If you’ve been following Google news lately, you’ve no doubt heard the announcement of their futuristic augmented reality product, Google Glass, but less touted and equally impressive has been a major expansion of the Google Art Project. Though launched over a year ago, the Google Art Project has gone largely unnoticed until this past month. For the uninitiated, the Google Art Project is a virtual gallery containing detailed scans of some of history’s greatest works of art. Short of traveling across the world or catching some of the pieces on tour, this may be the best way to experience these astonishing works of art. In some ways it may even be better. These are not scans of reproductions, but high-resolution photographs of the actual works of art, showing a stunning level of detail. Google’s art gallery allows you to zoom in close enough to see the individual brush strokes and the actual texture of the canvas, an activity that would earn you an escort out of the museum were you to try to do it in person.
The works on display are not limited to paintings; you can browse over 134 collections containing over 32,000 paintings, photographs, ancient statues, pieces of pottery, and architectural works. It’s easy to spend hours marveling over the seemingly endless collection Google has amassed; thankfully, the Google Art Project provides several ways to sift through the heap, allowing you to search for individual works or browse by artist, collection, and medium. You can also create your own virtual gallery of items you find particularly inspiring and want to revisit later. Once you’ve created a gallery, you can choose to share it with other users via Google+, Facebook, or Twitter, as well as browse galleries that other users have created. If you’re partial to works from a particular country or region, you can use the interactive world map feature to explore museums and collections from any of the over 40 countries currently involved with the project.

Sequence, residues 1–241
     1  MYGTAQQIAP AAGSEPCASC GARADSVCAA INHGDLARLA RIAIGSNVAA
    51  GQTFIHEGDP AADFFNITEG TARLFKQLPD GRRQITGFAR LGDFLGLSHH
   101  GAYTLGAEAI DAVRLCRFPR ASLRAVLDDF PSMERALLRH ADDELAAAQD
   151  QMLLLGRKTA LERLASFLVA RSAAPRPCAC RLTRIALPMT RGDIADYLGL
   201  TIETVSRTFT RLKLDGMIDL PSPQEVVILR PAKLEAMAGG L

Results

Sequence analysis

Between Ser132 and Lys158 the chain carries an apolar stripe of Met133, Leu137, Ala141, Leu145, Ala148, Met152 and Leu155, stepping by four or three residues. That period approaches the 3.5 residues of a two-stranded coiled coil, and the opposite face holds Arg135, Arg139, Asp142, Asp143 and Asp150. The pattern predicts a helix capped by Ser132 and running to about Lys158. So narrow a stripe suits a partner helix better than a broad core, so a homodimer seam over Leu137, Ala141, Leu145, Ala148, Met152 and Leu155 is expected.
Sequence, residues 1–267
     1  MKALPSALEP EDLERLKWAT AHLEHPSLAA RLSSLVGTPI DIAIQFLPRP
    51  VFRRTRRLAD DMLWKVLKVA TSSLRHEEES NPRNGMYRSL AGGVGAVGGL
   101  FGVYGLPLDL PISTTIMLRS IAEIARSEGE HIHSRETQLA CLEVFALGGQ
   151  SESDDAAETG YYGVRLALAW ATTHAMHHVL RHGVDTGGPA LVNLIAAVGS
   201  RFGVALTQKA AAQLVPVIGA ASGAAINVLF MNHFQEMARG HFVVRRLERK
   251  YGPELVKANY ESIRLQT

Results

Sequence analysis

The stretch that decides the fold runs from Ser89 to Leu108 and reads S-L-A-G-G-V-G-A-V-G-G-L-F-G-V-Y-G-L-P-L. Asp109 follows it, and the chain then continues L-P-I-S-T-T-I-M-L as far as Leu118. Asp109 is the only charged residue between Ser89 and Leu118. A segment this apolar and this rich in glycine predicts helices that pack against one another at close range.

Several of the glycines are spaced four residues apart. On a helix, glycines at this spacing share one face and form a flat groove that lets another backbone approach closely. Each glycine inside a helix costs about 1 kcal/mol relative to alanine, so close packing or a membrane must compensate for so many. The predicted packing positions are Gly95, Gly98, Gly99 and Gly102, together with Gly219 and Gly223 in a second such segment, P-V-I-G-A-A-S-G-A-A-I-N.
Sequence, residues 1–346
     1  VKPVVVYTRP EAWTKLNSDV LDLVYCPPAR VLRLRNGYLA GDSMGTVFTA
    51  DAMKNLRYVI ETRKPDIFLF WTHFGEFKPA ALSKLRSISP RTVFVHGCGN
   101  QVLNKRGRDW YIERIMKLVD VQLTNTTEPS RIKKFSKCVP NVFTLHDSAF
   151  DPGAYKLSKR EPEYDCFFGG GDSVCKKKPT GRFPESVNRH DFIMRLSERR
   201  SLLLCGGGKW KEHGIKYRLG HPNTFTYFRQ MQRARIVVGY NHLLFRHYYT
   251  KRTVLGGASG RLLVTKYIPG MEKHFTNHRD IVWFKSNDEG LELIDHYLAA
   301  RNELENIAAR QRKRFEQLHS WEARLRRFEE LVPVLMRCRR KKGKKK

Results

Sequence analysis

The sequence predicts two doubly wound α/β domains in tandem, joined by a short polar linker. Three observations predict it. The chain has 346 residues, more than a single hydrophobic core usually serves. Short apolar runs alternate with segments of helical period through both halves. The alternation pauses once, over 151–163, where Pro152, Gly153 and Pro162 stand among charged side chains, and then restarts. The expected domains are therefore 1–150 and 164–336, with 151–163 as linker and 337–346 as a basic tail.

If all this still leaves you missing the feel of walking the hallowed corridors of the world’s finest museums, you can do that as well. The Google are projects features 385 interactive rooms and 6000 panoramas, allowing you to browse many of the collections via a virtual tour. The photos in this mode are admittedly lacking in detail, but it is a nice feature if you’ve ever wanted to visit the Met or the Acropolis museum but never got the chance.
While the sheer breadth of selection in the Google Art Project borders on staggering, there are a few surprising omissions from their catalogue. Famous works like the Mona Lisa and Salvador Dali’s Persistence of Memory are sadly nowhere to be found. Also, there are few holdouts among the world’s prominent museums that for various reasons choose not to participate (the Louvre, the Prado, etc.). That said, what is there is still more than enough to keep even the most voracious art hound sated for a long time. You can see it for yourself at www.google.com/artproject.
By: Daniel Simmons